No matter who pays, when, or how much; child support is always a prickly issue for everyone involved. The legal definition of child support refers to the amount a non-custodial parent must pay to the custodial parent. The payment serves as a legal commitment for the child’s living expenses, including food, clothing, shelter, health care, and education, among other expenses. States use different models to determine how child support is calculated.
Once the child reaches 18, states typically do not impose any further support obligation on the parent. A parent has the legal responsibility of supporting ONLY their biological child.
No matter where a parent resides, child support is a tension-filled experience and in the middle is a minor child or children who are usually unaware of what is happening around them.
Below are some helpful guidelines and resources that can help parents weather the storm.
- Florida Child Support Guidelines
- Impactful Child Support laws
- Calculating Child Support
- Services of The Department of Revenue
Florida Child Support Guidelines
Each state has its idiosyncrasies of how child support is calculated and the payment a non-custodial parent must make.
No law firm in Florida has a better understanding of child support guidelines than Hunter Law out of Tampa, (813) 287-2227.
Florida Statute 61.30, “Child support guidelines; retroactive child support,” is the directive for supporting a minor child in Florida. Other laws on the books may have an impact on a parent’s support case. However, 61.30 is the definitive guideline all parents should refer to first.
Another vital law for child support is Statute 61.13. This law addresses time-sharing with the child. Meaning, when a parent spends more than 20% of available time with the child, a “gross-up method” is used to calculate payments.
Other impactful child support laws:
- Section 61.14; Enforcement and modification of support.
- Section 743.07; Rights and privileges of persons older than 18
Florida is a staunch defender of the child, and in this state, parents have a statutory obligation to support their minor children. Florida courts will not waive child support. Under Florida Family Law, support payments belong to the minor child. Florida courts will not waive the obligation because the payment does not belong to the parent.
Contact Hunter Law at (813) 287-2227
Florida makes it extremely difficult to get out from under or alter a child support agreement, but it can be done:
- Florida courts can alter the child support agreement if the judge feels the arrangement is unfair. (good luck with that!!!)
- A parent surrenders their legal rights to the child. This means the surrendering parent will no longer have any legal say in the child’s life.
- The child turns 18 unless there are exceptional circumstances attached.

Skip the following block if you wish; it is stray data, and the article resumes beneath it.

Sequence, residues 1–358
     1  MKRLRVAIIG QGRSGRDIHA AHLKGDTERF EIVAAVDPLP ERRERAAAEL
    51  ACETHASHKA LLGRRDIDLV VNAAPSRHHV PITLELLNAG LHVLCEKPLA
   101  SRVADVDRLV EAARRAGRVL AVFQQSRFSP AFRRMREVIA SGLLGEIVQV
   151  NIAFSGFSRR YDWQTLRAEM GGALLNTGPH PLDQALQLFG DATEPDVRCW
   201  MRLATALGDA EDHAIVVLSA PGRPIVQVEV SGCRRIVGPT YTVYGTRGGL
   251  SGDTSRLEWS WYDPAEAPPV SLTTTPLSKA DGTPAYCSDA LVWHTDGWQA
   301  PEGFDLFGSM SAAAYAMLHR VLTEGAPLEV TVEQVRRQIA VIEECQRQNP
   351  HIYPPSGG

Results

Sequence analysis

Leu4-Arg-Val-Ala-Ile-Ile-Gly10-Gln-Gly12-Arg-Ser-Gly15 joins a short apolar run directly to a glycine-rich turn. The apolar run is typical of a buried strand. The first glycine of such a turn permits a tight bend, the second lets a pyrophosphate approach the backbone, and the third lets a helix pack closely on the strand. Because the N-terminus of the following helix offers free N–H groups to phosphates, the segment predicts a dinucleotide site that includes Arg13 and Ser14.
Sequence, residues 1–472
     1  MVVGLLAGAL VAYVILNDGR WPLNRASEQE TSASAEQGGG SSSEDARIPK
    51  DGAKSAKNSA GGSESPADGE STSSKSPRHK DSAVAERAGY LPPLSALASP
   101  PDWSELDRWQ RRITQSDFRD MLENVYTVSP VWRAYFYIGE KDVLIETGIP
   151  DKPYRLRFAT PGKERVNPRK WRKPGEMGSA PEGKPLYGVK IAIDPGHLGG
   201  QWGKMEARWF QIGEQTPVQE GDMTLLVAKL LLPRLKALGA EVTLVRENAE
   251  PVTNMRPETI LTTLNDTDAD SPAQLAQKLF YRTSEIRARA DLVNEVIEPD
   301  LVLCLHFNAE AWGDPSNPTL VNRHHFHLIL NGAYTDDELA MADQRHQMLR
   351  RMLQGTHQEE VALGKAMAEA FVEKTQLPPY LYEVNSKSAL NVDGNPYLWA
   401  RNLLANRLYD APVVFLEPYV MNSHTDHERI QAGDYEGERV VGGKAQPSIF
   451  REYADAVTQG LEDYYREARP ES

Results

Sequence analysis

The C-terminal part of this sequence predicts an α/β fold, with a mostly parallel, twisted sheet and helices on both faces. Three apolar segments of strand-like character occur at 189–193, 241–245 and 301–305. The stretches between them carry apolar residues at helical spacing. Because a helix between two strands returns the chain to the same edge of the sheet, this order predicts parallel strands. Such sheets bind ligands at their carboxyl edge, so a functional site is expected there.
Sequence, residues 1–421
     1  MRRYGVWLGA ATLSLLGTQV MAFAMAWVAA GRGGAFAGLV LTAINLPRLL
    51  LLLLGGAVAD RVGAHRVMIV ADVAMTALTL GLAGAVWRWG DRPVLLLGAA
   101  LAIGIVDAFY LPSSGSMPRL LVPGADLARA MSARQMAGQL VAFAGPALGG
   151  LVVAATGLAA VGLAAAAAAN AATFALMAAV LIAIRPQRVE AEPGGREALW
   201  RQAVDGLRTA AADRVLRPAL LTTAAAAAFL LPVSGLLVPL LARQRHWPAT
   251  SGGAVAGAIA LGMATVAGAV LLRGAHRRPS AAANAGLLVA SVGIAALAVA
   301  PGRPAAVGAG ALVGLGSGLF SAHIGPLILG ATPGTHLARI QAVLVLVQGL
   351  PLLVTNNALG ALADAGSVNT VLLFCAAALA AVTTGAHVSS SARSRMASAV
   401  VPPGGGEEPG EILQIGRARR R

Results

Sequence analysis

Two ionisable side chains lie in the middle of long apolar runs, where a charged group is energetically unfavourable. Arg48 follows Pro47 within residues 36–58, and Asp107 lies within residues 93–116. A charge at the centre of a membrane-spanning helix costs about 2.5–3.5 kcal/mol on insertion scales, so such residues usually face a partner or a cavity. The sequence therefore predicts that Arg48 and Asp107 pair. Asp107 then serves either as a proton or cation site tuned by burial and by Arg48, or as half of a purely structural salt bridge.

In one particular and interesting instance, the courts awarded support payments to run until the child turned 21 or graduated from college. (Finn v. Finn)
Exceptional circumstances can be a myriad of scenarios. The child is physically unable to support themselves or is mentally handicapped, the custodial parent cannot support the child, and the list goes on and on.
How Child Support Payments Are Calculated
In Florida, child support payments and other child services are overseen by the Department of Revenue. The department leaves no stone unturned to help children get the financial help they are owed.
Any of the skilled Attorneys at the Hunter Law can help you with child support issues or questions. Contact our offices at (813) 287-2227
Services of the Department of Revenue Include:
- Locating parents and assets, the department works with local and federal agencies in its search for child support. If the parent is willfully avoiding a child support payment, severe penalties can be imposed. The department can file a “Motion for Contempt,” among other actions.
- The department can assist the courts in establishing the paternity of the child.
- Modify and establish child support orders.
- Take action to help parents make child support payments
Contact Hunter Law at (813) 287-2227
The amount of child support a parent is required to pay is based on Florida Child Support Guidelines. Every type of income a person may receive is used to calculate the payment. Everything from salary and wages, pension, and retirement to income from royalties and trusts are included.
Once all known income has been tallied, the courts subtract deductions such as taxes and other spousal support payments. Child support is calculated from the net income, not the gross. In general, the non-custodial parent makes payments directly to the parent with custody of the minor child.
There is no better advice a parent can receive than to contact one of the skilled family law attorneys at Hunter Law, (813) 287-2227